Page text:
The annual global financial impact of data breaches will quadruple to as much as $2.1 trillion in 2019, according to a May 12 report from U.K.-based Juniper Research.
Driven by increasing digital information, Juniper’s report, titled “The Future of Cybercrime & Security: Financial and Corporate Threats & Mitigation,” posits that the majority of the breaches will come from existing technology infrastructure. And though new threats have been targeting mobile devices, Juniper analysts say the more traditional computing devices are at greater risk.
“Currently, we aren’t seeing much dangerous mobile or IoT malware because it’s not profitable,” James Moar, the report’s author, wrote. “The kind of threats we will see on these devices will be either ransomware, with consumers’ devices locked down until they pay the hackers to use their devices, or as part of botnets, where processing power is harnessed as part of a more lucrative hack. With the absence of a direct payout from IoT hacks, there is little motive for criminals to develop the required tools.”
Casual hacking is on the decline, according to Juniper, and more “professional” with sales of software that actually creates malware – thus pointing toward fewer but more successful attacks.
There’s a regional bias that will recede over time, Juniper states. Nearly 60 percent of data breaches will occur in North America, and that bifurcation between the U.S. and the rest of the world will vanish as other nations become richer and more digitized.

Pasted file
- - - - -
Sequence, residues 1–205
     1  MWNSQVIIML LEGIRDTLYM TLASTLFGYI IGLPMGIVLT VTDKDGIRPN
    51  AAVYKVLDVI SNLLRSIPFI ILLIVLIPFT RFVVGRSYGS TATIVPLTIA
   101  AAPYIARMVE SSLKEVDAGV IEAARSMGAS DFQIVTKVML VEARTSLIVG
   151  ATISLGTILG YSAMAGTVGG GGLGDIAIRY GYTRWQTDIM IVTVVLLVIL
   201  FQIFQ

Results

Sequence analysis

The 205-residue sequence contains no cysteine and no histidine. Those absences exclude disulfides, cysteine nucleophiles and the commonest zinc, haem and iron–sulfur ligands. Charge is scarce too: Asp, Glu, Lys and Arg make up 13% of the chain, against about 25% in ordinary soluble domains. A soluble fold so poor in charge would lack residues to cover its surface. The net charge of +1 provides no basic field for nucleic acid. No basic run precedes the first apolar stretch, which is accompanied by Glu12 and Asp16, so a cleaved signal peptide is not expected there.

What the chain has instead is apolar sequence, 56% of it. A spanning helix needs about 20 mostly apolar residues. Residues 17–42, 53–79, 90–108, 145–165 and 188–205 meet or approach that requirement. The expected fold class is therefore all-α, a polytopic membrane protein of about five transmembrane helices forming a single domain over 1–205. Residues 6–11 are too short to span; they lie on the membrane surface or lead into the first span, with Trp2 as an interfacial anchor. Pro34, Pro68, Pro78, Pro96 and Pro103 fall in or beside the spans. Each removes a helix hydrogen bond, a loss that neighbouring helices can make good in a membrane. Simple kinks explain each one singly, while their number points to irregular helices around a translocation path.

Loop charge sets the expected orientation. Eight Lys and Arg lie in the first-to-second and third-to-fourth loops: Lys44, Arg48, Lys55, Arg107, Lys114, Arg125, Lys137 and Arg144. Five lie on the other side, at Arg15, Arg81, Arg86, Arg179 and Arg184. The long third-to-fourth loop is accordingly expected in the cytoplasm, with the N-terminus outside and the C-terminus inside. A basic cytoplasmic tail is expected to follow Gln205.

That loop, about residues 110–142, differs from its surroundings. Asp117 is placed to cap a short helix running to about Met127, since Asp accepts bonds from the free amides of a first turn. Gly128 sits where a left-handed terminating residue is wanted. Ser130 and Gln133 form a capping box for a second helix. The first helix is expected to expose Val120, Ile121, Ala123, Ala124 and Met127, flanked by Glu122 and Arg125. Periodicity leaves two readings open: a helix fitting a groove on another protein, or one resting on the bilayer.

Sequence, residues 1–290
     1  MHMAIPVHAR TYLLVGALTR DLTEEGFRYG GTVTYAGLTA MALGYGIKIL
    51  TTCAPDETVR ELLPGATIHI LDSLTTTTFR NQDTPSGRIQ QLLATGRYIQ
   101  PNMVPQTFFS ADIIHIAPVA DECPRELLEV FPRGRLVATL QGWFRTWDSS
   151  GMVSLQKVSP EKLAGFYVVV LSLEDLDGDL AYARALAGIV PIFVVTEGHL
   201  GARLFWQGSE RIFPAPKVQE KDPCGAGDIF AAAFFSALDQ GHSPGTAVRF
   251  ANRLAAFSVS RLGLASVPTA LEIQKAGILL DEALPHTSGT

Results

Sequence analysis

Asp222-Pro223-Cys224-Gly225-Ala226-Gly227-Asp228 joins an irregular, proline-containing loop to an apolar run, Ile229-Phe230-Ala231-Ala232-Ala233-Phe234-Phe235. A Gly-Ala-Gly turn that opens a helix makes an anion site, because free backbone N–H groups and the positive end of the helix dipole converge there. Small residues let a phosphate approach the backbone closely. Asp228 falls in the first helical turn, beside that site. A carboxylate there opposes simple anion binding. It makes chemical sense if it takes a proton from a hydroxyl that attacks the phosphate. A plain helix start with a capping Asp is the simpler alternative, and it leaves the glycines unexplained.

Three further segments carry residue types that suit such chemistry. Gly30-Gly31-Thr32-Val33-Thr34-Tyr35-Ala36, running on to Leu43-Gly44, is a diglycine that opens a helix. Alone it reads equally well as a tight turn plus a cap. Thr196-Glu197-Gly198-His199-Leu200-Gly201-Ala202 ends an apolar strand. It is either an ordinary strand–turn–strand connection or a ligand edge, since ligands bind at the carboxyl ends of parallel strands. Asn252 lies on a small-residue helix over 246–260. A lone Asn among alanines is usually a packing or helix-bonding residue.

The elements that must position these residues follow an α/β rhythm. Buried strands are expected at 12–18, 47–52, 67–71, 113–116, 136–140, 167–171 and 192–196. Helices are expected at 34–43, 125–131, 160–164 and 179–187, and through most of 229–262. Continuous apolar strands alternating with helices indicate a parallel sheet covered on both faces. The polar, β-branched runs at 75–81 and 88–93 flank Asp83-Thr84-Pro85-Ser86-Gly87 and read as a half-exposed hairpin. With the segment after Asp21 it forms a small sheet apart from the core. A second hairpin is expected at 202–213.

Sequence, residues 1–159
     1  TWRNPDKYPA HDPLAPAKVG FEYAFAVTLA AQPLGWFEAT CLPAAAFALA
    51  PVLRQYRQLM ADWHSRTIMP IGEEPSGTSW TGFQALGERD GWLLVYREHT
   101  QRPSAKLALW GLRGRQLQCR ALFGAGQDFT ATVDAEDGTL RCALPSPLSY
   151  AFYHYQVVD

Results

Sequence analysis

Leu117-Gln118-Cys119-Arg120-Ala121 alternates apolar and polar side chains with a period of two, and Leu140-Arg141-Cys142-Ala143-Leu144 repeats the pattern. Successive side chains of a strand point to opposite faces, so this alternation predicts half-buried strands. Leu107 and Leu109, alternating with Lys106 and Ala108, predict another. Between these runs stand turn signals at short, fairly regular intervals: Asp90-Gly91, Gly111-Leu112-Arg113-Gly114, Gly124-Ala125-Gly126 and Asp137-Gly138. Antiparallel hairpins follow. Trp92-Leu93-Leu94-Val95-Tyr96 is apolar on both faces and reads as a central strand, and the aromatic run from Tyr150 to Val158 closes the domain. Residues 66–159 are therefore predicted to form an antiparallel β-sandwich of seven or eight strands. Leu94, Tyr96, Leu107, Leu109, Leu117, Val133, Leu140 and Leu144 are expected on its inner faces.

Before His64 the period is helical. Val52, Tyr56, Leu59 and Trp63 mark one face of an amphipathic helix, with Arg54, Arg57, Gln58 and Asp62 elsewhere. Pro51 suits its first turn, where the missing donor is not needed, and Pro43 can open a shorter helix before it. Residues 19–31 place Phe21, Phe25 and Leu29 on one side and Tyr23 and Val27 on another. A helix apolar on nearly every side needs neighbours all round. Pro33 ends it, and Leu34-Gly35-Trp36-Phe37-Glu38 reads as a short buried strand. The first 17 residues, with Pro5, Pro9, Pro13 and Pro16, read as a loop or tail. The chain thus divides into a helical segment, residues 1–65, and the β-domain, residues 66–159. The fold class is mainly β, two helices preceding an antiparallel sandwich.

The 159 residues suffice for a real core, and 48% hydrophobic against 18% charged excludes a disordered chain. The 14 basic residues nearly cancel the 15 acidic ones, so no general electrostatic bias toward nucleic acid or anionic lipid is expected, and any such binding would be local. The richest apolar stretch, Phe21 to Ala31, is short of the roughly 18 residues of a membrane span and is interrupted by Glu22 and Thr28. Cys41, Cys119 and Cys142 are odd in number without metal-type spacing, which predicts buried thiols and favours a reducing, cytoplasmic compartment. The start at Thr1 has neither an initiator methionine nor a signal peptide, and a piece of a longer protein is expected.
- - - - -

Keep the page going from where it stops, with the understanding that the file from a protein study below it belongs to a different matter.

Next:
At least one recent report shines a spotlight on industry targets in the U.S.: cyber-criminals are finding a growing mother lode in health care data and are gunning for health care providers and hospitals, security research firm Ponemon Institute said earlier this month. And in a report issued earlier this year by Ponemon and authentication tech provider Duo Security, recovery takes an average of 45 days at a cost of $35,414 per day, with the expense split among direct labor (26 percent) cash outlay (22 percent), productivity loss (21 percent), overhead (15 percent) and indirect labor (14 percent).
And, to put another dollar figure on cybercrime, Juniper estimates the average data breach cost in 2020 will top $150 million.